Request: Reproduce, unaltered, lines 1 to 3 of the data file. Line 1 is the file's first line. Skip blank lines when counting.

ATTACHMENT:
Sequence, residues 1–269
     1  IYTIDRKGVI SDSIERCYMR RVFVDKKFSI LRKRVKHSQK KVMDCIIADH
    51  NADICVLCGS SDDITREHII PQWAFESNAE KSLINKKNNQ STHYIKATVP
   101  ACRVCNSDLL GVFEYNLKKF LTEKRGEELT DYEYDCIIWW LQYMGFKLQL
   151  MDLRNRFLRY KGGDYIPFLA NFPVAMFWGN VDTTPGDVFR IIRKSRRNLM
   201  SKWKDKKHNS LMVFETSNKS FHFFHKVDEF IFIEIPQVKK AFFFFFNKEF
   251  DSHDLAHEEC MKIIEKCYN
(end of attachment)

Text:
Sequence, residues 1–269
     1  IYTIDRKGVI SDSIERCYMR RVFVDKKFSI LRKRVKHSQK KVMDCIIADH
    51  NADICVLCGS SDDITREHII PQWAFESNAE KSLINKKNNQ STHYIKATVP